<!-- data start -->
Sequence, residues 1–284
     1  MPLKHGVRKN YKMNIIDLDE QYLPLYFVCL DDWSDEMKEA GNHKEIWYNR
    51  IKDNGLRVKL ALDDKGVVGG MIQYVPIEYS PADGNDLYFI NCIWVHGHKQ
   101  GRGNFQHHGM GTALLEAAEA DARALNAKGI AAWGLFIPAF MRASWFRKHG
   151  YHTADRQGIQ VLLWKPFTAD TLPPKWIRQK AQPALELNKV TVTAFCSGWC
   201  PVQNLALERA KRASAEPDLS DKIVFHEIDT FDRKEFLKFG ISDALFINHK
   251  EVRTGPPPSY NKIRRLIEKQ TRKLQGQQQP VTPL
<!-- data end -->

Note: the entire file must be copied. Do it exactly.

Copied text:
Sequence, residues 1–284
     1  MPLKHGVRKN YKMNIIDLDE QYLPLYFVCL DDWSDEMKEA GNHKEIWYNR
    51  IKDNGLRVKL ALDDKGVVGG MIQYVPIEYS PADGNDLYFI NCIWVHGHKQ
   101  GRGNFQHHGM GTALLEAAEA DARALNAKGI AAWGLFIPAF MRASWFRKHG
   151  YHTADRQGIQ VLLWKPFTAD TLPPKWIRQK AQPALELNKV TVTAFCSGWC
   201  PVQNLALERA KRASAEPDLS DKIVFHEIDT FDRKEFLKFG ISDALFINHK
   251  EVRTGPPPSY NKIRRLIEKQ TRKLQGQQQP VTPL